June 2, 2013

Building Blocks

I learned such a huge lesson today about training.

After the show, we switched from "Dressage for the sake of Dressage" to "Dressage for the sake of jumping".  There is an expectation that we maintain the same quality of flatwork that we've finally consistently attained, but he's just felt flat the past couple of weeks, with none of the sparkle, lightness or rocking back on his hocks we had a few weeks ago.  It's apparent in this video Austen took of us at my lesson on Thursday:

The goal of that lesson was keeping the hind legs active while "slowing down" the front legs; in effect, the beginnings of collection.  We both have to learn to slow the rhythm down and take a controlled canter to the base of a fence instead of our usual strung-out-behind canter.  I am also working on sitting up.  These were our best attempts over the jump exercise, complete with many transitions since I have been instructed not to let him give me less-than-his-best transitions into any gait:

Still not great, right?  I worked on the flatwork part yesterday in my Dressage saddle and today tried the jump exercise, but got more of the same lackluster effort.  Something didn't feel right, I was frustrated and we were on the verge of a fight, so I stopped.  I don't fight with my rides.  If I feel the need to fight, either I'm not asking clearly enough, he's not ready for what I'm asking, or I'm missing a step on the training scale.

I brought it back to the walk and analyzed the situation.  I realized that he was popping his shoulder to the outside rather belligerently, not carrying himself, not bending through the ribcage, and generally doing the minimal amount of work necessary - and I was allowing it.  It was a near-identical repeat of January, when my trainer told me that sometimes I was going to have to get tough with him in order to make progress.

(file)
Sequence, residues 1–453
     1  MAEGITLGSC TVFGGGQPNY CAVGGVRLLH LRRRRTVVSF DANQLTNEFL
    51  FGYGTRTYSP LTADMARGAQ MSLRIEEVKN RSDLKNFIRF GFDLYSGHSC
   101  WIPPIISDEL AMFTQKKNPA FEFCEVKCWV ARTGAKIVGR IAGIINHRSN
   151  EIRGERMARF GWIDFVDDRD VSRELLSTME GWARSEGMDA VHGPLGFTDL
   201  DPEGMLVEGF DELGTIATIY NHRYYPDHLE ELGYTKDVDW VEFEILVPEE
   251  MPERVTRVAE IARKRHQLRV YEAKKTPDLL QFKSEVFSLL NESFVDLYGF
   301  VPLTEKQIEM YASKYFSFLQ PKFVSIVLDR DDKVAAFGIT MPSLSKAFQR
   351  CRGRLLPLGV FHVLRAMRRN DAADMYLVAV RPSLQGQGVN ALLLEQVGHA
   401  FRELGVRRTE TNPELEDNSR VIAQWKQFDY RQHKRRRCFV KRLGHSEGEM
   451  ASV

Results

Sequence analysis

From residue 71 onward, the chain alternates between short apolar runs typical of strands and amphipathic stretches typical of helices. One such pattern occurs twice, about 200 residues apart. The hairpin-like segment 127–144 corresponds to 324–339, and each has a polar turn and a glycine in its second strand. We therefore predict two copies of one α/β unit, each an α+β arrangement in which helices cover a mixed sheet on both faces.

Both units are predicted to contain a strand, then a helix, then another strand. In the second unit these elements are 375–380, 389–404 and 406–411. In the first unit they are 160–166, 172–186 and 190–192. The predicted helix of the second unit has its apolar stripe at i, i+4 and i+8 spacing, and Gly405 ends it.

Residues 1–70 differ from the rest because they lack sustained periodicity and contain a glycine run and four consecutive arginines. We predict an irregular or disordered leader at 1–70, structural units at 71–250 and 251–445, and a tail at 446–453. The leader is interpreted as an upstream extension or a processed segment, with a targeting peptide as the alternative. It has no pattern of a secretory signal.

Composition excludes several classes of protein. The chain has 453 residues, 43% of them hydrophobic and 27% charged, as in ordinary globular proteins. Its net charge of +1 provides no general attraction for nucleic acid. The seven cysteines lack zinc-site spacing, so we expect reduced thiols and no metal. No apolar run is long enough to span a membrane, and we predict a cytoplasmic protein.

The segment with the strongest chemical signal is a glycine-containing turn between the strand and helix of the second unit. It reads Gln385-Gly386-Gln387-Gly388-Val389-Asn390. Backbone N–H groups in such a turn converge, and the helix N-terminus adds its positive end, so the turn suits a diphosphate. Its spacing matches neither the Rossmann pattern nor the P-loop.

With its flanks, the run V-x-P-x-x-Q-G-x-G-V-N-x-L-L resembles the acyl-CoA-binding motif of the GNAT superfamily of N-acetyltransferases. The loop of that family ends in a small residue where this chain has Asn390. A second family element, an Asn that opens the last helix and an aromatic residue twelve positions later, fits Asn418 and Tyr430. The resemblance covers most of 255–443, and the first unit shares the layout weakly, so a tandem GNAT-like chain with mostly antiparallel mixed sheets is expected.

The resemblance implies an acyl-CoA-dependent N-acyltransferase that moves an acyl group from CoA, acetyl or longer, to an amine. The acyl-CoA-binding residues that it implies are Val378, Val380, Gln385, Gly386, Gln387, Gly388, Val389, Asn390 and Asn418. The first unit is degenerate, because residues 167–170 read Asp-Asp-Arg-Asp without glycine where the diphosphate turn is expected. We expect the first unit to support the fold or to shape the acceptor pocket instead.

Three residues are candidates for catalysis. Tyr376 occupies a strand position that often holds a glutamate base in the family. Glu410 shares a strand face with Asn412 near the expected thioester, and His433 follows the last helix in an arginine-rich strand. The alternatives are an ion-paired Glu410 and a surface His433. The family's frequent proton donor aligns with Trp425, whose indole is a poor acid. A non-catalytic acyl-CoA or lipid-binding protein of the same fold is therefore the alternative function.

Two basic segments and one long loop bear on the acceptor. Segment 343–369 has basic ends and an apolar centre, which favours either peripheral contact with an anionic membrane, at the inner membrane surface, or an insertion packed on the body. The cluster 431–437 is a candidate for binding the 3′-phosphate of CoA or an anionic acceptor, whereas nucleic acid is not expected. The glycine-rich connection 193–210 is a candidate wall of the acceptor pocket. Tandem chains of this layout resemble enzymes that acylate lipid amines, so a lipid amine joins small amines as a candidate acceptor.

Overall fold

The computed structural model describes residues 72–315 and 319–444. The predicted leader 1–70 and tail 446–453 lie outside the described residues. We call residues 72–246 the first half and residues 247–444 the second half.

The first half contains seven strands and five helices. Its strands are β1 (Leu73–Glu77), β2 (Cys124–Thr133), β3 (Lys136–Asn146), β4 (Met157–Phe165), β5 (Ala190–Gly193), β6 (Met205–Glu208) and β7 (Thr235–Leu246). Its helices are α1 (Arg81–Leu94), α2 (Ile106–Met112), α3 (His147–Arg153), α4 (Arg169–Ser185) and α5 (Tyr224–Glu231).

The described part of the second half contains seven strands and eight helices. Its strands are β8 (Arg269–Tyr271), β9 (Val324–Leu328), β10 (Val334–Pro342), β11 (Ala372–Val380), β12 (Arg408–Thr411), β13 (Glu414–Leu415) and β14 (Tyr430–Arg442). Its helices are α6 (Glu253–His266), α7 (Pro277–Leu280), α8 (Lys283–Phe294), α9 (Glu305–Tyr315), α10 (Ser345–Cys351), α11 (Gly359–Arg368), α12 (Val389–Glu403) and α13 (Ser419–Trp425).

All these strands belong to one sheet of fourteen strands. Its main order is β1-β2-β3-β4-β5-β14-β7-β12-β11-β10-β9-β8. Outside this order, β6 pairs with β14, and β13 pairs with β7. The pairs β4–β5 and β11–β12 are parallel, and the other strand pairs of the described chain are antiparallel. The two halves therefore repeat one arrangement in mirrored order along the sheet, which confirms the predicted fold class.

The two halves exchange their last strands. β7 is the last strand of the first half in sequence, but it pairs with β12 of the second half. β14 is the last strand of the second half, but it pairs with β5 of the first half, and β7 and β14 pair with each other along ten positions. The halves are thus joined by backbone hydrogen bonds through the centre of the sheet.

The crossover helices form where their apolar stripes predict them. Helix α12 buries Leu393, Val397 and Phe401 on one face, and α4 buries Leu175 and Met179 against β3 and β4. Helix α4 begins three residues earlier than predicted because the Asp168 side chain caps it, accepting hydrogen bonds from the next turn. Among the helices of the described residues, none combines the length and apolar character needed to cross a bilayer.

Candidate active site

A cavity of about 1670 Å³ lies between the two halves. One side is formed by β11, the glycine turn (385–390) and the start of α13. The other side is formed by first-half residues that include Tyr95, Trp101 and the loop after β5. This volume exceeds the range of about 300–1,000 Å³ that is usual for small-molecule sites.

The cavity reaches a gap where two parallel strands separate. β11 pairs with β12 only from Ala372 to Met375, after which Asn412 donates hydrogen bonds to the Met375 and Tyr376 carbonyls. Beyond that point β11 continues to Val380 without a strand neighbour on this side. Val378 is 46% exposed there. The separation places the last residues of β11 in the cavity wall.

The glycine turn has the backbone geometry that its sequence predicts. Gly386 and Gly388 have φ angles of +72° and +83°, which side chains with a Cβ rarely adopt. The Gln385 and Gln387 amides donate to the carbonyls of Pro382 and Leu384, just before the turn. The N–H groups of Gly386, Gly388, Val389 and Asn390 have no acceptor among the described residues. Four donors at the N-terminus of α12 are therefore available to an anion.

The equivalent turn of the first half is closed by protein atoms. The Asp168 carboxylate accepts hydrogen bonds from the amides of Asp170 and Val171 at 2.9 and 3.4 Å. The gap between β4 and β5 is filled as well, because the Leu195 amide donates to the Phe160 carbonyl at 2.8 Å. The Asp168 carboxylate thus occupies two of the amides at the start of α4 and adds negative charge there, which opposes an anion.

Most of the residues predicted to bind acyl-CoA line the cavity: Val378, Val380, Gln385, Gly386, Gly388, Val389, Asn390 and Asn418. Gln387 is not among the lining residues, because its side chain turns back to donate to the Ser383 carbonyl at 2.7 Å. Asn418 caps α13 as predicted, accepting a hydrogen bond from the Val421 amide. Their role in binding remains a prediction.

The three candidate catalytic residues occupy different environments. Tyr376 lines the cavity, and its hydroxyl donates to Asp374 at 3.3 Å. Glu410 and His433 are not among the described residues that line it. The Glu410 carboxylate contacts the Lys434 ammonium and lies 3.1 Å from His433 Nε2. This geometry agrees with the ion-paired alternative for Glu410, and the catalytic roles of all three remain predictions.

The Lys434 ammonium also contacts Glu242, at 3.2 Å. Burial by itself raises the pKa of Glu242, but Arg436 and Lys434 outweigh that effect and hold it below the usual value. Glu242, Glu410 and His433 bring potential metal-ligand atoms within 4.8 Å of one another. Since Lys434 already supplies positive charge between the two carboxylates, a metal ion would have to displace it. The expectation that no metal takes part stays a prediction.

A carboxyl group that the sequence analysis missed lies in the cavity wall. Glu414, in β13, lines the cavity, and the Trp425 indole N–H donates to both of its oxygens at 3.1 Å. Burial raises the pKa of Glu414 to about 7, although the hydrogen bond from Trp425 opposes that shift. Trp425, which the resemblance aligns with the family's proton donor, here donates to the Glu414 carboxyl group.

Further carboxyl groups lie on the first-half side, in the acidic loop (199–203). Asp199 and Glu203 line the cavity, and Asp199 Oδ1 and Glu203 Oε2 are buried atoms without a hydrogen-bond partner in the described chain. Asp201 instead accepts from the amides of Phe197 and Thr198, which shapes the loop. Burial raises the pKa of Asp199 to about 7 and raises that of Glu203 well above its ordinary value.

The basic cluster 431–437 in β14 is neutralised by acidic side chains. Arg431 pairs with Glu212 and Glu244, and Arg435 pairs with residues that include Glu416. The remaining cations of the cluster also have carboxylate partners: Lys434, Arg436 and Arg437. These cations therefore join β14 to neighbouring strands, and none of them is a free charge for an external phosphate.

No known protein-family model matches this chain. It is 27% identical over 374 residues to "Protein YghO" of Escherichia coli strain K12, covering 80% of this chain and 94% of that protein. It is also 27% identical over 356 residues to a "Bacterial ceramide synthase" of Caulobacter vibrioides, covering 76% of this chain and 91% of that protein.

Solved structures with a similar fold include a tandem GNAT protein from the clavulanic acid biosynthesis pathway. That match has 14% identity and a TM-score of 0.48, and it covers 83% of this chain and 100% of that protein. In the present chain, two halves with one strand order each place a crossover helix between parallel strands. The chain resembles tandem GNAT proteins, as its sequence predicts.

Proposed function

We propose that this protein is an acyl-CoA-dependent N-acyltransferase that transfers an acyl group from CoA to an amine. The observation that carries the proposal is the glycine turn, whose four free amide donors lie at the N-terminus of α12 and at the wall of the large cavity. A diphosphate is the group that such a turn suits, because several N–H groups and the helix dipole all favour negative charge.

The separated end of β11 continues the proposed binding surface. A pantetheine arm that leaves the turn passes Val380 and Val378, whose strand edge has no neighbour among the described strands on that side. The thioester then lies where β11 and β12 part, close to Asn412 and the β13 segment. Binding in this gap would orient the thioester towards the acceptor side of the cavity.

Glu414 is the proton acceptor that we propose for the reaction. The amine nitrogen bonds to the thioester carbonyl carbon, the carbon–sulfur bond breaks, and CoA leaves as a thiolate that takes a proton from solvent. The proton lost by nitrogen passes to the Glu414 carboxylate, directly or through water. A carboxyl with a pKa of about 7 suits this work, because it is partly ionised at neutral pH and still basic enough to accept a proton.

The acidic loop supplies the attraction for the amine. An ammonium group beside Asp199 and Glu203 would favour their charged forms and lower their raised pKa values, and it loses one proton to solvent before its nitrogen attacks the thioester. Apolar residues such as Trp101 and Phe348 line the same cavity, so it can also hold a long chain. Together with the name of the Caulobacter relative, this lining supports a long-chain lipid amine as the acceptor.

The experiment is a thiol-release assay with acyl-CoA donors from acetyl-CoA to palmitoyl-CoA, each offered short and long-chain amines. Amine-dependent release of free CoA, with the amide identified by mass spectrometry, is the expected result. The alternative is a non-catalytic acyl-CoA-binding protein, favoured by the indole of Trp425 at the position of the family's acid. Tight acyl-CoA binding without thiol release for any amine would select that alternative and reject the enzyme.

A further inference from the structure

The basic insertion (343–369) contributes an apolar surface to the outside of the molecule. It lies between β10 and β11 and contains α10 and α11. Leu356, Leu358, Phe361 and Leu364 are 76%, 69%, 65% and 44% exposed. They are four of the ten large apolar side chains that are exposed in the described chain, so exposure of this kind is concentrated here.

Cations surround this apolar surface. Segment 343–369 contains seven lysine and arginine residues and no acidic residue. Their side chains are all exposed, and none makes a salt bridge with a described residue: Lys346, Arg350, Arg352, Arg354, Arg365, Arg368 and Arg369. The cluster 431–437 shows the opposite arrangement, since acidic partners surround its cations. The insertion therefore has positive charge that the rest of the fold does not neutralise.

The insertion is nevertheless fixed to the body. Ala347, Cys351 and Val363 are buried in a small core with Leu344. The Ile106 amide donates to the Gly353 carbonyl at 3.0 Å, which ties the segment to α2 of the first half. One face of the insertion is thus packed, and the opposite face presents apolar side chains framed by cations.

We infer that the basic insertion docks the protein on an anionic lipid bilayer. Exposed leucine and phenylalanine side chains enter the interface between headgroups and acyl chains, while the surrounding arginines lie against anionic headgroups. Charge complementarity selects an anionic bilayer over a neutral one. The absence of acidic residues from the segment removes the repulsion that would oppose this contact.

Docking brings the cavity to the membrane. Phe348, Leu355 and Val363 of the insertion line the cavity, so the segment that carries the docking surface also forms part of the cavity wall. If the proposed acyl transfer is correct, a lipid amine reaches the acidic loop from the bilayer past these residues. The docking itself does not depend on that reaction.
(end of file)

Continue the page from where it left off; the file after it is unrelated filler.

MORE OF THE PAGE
So, I repeated the square exercise from January (turns on the forehand at the corners and shoulder-in on the sides), and then once I had his shoulder and neck I did the little circles exercise from April to get him bending.  At first there was much unhappy head-flinging at being asked to work properly/the hard way, and I wasn't unfair to him, but I was unyielding in my demand that he give me his body the way I know he can.  When he did, I once again asked for the baby collected trot and collected canter in the same way I had asked previously, and got a DRAMATICALLY better response - better than we ever got in my lesson on Thursday.

I learned such a big lesson today from all that.  Training him is like building a stack of blocks.  Sometimes I go to put another block on the top of the stack, but I don't notice that one of the supporting blocks is gone from underneath.  I can't just take for granted the fact that the blocks are all there, I have to actively check for them, because without them, we're mediocre, and if I try to go forward without all of them, we'll have another backslide like we did last summer when I wasn't allowed to ride for six weeks.

Building blocks.